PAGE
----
Tesla's price cuts signal demand weaker than stock suggests
Tesla Inc.’s overnight price cuts suggest the coronavirus is putting a bigger damper on demand than has been reflected in the electric-car maker’s share price.
The $5,000 reductions for the Model S and X and $2,000 cut for the Model 3 were an “acknowledgment that Tesla isn’t immune to material North American demand weakness," Craig Irwin, an analyst at Roth Capital Partners, said in a report Wednesday. (Full report on price cuts here)
“With the stock trading in the stratosphere," Irwin wrote, “the key question is, ‘Can Tesla continue to deliver an interesting growth rate in the US?’"
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Credit Suisse’s Dan Levy said the discounts change the narrative around the company’s volume this quarter. Prior to the price cuts, investors were concerned demand would be limited by tight inventory. The company shut down production at its lone US auto plant on March 23 and rushed to reopen the facility -- initially without local authorities’ permission -- in mid May.
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Chief Executive Officer Elon Musk tweeted at the beginning of the month that Tesla’s shares were trading too high in his view. While the tweet dragged down the stock on May 1, it advanced another 18% through Tuesday’s close. While analysts have speculated the company’s sales will hold up better than the broader industry, forecaster IHS Markit is projecting at least a 22% contraction in global auto deliveries this year.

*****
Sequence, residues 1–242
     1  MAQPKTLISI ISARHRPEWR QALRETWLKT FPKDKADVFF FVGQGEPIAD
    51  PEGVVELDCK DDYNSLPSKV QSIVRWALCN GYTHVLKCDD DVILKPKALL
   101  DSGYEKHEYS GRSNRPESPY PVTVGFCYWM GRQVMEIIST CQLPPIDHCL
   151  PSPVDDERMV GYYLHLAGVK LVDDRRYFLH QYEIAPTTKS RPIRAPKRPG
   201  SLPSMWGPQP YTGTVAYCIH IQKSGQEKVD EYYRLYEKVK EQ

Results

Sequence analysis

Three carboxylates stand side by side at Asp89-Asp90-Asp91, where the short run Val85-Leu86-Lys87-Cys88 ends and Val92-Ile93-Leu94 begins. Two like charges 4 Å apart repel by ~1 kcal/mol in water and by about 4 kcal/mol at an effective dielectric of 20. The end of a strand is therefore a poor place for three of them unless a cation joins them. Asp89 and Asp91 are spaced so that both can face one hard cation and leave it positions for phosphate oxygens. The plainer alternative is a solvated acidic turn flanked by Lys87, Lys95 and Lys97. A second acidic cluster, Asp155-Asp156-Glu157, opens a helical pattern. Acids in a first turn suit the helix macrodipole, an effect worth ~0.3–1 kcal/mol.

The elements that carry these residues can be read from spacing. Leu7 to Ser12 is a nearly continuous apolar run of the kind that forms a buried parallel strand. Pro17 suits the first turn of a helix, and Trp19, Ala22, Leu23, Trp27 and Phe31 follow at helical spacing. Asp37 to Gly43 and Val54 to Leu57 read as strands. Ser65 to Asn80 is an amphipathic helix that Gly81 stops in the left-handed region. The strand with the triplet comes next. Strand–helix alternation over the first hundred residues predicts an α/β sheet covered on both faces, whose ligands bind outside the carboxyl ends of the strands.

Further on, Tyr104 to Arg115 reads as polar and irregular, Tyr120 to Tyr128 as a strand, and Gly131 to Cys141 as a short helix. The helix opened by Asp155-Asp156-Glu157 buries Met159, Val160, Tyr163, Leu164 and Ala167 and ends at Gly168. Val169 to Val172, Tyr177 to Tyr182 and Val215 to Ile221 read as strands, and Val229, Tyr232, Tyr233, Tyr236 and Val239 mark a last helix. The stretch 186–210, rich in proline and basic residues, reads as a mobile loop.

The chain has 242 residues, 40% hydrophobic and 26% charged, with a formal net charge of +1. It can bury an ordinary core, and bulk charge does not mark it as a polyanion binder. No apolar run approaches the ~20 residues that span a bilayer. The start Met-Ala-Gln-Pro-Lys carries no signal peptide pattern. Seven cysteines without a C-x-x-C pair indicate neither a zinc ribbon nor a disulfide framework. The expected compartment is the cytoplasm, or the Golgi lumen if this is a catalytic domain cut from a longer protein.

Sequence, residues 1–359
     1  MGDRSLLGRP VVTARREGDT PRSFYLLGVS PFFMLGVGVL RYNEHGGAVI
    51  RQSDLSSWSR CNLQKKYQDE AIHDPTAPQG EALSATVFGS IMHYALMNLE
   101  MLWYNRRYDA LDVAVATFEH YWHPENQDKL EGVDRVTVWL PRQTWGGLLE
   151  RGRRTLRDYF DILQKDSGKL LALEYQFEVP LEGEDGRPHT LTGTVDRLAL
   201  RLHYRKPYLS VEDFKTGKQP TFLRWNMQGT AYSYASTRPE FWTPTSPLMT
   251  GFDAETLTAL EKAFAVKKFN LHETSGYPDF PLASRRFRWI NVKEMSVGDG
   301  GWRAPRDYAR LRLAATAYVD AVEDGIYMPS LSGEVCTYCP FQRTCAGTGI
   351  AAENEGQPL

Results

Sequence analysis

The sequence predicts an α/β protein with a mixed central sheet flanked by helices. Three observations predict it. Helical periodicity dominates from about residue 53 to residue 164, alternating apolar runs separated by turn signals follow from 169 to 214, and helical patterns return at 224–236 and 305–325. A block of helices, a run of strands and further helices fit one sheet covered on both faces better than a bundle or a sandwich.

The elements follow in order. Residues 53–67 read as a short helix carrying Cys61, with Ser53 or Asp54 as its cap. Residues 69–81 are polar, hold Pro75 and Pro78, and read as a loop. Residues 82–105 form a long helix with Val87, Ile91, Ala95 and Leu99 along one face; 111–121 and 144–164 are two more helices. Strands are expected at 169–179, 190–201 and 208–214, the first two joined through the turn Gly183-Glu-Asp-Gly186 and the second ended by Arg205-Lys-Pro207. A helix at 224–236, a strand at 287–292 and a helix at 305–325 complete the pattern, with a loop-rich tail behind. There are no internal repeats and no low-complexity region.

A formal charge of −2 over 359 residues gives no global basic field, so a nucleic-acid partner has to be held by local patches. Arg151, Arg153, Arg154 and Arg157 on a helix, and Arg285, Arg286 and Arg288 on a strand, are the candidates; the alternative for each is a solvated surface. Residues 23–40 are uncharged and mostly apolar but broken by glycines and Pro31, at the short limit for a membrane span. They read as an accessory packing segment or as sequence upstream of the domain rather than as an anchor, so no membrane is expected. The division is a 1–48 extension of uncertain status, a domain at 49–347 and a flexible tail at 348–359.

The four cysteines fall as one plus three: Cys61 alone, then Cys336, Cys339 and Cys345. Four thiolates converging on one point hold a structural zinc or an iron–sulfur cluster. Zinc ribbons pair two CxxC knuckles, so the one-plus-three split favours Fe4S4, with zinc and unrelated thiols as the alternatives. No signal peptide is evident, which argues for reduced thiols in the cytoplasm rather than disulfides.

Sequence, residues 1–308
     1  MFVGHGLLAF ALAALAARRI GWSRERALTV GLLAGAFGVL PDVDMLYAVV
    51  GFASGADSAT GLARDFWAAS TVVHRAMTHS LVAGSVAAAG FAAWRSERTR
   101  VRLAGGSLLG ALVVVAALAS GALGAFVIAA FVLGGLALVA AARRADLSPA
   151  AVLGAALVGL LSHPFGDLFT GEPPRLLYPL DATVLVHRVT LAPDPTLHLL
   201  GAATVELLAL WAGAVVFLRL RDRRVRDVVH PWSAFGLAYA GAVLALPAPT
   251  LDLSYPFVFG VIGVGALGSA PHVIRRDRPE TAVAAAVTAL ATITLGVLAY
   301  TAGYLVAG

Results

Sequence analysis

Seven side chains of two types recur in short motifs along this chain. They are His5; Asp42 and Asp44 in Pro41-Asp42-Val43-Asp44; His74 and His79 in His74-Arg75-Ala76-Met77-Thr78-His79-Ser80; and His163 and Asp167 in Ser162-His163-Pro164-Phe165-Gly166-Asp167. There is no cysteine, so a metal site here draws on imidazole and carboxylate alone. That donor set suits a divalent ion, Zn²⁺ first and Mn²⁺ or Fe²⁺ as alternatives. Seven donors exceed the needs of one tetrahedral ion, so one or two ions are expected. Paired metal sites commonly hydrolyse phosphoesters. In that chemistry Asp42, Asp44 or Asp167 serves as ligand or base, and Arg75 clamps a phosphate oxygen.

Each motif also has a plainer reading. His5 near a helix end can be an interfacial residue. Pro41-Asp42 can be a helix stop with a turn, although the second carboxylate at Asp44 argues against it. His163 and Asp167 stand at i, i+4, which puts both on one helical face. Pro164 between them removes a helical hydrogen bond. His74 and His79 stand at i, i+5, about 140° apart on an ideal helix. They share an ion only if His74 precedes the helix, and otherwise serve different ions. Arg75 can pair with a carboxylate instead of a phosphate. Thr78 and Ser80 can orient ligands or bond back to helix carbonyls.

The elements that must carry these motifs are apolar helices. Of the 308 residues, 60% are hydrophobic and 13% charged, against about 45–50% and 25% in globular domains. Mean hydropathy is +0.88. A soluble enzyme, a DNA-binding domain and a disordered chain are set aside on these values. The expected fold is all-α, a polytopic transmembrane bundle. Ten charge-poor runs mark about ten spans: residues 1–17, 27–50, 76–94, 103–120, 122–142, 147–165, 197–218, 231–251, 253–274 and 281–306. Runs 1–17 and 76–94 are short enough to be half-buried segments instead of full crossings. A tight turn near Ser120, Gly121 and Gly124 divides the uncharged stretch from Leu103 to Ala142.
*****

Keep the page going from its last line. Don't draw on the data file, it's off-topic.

“Price cuts are likely tactical and aimed at supporting demand in the U.S. in the context of today’s pandemic," Pierre Ferragu, the New Street Research analyst whose $1,100 price target for Tesla’s stock is the highest on Wall Street, wrote in a report. He said the Model 3, X and S “all have reached their full potential in the U.S."
Tesla erased earlier declines to trade up 0.2% to $820.66 as of 3 p.m. in New York. The stock has almost doubled this year.